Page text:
‘If we had to double our tuition, we would cease to exist’

As the principal of St. Ann’s Academy in Kamloops, Shawn Chisholm knows his basic arithmetic. Independent school students — there are roughly 1,000 of them in Kamloops —are funded by the provincial government at 50% of what public school students receive. That saves taxpayers roughly $4 million a year for Kamloops alone. And if you calculate the funding based on all 82,000 independent school students in the province, that works out to a total savings of $350 million per year for the BC taxpayer.

But Chisholm isn’t asking for more money. He just wants the current rate of government funding for independent schools to be sustained. He sighs when presented with an argument that’s common during this election season: If government were to stop the funding, wouldn’t the parents just pay more? “Our schools have some well-heeled people, of course,” he says. But the vast majority of families work in construction, mining or mills. “It’s more blue collar than white collar,” he adds.

Some of these families have a hard enough time paying the annual fee — ranging from $3,275 to $4,150 per year — at St. Ann’s. “Many families are living on the margin,” Chisholm says. “If we had to double our tuition we would cease to exist.”

And, in fact, many families get financial help because they can’t afford the full tuition. Instead, they are funded by their parishes. “They really have the support of our priests,” Chisholm says. “If there’s a Catholic family who wants a Catholic education, the pastor says, ‘we will make it happen.’”

Sometimes, there is competition to get into the school. When registration is tight, the school has a policy of prioritizing siblings, because this practice makes family life easier. “We try to keep siblings together, whether they’re Catholic or not,” Chisholm says. Once the sibling issue has been addressed, practicing Catholics get the next priority. After that, it’s a question of first  come, first served.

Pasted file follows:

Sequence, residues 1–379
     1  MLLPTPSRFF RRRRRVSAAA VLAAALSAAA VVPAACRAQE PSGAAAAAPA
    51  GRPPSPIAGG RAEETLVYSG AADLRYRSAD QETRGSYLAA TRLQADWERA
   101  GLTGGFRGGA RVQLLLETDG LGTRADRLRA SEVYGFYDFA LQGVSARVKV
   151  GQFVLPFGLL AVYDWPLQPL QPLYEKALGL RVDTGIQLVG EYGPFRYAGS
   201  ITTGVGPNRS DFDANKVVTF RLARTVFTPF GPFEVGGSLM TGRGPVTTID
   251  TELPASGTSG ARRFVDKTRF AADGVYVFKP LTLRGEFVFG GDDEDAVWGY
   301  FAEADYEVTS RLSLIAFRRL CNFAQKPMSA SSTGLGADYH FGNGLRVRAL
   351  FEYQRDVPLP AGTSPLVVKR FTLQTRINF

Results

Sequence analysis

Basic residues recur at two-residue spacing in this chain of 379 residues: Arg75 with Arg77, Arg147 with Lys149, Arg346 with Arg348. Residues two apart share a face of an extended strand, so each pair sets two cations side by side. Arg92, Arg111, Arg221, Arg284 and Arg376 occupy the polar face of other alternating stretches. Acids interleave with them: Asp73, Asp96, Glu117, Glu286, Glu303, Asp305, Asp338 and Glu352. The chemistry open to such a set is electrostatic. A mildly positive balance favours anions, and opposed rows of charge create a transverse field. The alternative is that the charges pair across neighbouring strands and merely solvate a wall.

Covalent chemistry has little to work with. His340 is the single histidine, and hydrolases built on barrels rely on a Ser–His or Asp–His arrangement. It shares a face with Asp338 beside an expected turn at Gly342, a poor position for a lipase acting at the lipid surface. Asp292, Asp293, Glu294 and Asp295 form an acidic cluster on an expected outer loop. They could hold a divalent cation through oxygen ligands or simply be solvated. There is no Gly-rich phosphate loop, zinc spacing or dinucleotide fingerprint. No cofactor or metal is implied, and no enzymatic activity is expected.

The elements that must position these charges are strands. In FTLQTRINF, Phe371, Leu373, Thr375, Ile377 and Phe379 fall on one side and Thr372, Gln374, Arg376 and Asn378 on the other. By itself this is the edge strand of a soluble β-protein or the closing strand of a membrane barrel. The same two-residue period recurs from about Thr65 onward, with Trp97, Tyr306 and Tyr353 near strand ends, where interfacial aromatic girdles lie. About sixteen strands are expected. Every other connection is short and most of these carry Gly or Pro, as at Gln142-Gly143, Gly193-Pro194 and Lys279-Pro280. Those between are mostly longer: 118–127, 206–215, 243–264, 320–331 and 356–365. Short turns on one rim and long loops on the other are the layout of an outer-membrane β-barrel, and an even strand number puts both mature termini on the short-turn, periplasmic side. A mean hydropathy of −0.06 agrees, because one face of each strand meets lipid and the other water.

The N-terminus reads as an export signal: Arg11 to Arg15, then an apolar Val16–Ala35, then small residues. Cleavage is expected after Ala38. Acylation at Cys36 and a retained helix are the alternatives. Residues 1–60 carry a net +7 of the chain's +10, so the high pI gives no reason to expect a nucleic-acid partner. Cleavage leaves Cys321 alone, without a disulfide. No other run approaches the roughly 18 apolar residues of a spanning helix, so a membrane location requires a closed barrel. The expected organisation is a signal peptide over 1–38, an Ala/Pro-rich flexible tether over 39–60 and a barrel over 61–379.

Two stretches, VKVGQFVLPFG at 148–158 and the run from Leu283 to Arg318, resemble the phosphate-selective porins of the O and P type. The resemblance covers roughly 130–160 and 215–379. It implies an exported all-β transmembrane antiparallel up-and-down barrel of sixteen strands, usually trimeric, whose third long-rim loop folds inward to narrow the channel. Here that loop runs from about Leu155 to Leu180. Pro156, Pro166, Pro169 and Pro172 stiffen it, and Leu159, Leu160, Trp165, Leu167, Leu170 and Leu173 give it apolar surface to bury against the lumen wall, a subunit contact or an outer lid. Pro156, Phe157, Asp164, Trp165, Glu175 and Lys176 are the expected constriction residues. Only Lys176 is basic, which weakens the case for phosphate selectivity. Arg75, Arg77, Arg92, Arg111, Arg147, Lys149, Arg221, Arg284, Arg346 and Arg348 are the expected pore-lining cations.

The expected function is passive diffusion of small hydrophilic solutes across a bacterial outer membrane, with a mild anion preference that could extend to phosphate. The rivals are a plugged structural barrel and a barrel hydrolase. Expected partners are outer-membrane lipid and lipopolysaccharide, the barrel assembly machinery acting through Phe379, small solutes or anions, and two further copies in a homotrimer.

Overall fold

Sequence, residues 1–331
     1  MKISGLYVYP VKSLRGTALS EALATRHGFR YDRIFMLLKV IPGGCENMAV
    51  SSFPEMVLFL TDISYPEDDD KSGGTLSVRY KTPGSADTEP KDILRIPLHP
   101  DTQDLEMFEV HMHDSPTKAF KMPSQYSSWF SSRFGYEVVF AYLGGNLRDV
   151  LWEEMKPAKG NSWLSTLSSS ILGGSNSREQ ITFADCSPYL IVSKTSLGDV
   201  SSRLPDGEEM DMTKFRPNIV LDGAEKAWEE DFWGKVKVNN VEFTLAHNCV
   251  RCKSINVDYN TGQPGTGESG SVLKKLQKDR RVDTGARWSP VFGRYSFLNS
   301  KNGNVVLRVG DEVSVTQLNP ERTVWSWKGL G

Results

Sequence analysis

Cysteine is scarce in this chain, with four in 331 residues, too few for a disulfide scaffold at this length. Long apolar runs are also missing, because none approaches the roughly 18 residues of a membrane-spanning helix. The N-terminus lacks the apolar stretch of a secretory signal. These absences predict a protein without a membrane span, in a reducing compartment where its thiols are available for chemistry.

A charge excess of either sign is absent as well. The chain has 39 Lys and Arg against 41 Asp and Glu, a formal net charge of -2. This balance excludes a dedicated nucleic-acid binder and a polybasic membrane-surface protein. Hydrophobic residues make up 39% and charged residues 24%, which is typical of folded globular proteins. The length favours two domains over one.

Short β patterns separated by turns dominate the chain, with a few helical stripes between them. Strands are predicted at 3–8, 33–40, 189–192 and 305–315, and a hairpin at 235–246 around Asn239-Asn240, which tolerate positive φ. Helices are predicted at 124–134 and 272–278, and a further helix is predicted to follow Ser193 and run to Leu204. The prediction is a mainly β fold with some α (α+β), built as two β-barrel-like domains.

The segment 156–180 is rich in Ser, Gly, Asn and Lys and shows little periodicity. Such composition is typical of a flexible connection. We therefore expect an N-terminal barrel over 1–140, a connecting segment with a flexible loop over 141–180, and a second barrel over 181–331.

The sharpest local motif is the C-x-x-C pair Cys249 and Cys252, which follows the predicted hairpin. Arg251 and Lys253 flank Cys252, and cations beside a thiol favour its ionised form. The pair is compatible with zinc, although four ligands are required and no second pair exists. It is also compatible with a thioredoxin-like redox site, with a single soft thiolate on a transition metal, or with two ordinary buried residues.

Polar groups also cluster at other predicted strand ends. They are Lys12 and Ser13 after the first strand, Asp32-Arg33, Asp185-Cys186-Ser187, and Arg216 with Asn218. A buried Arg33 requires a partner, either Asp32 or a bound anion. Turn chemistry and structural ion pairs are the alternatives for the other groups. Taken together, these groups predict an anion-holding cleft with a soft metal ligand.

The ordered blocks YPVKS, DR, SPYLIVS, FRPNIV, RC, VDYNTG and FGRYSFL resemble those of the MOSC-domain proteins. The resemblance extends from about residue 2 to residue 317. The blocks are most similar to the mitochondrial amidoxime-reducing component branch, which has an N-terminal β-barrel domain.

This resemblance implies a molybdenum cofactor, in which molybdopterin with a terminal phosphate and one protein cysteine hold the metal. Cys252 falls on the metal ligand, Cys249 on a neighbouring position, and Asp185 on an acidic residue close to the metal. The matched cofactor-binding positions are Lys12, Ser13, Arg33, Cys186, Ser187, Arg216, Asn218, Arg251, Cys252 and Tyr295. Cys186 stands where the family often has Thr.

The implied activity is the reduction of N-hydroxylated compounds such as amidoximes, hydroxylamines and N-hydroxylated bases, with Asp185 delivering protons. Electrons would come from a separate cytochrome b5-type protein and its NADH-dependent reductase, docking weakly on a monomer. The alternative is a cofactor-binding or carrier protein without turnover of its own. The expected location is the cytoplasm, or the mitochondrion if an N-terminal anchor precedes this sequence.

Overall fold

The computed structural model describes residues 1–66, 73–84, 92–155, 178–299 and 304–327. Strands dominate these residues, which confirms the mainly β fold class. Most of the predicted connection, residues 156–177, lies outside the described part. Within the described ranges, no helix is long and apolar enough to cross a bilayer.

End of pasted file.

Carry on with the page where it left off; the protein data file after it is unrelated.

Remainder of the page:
Interestingly enough, a fairly large portion of the school — some 24% — is non-Catholic. Generally, the students come from Protestant Christian faiths — but the school is truly ecumenical with families who practice the Sikh, Hindu, Buddhist, Taoist and Jewish faiths.

“Our families appreciate our Catholic Christian values, safe school environment, level of academic achievement and our focus on supporting the development of the whole child,” Chisholm says. “What I always tell people is that we propose our faith but we don’t impose it.

“Teachers don’t differentiate between Catholic and non-Catholic students,” he adds. All students are required to take religious instruction as an academic course. Chisholm notes that during two of the last five years, non-Catholics have won the school’s award for religion.

Returning to the idea of the cost of stopping funding to independent schools, Chisholm does a back of the envelope calculation and estimates that Kamloops alone saved the BC taxpayer more than $52 million during the time the current Grade 12 cohort made its way through the school system.

“As a smaller, close knit community we believe many Kamloops residents are aware that independent schools save BC taxpayers money.”

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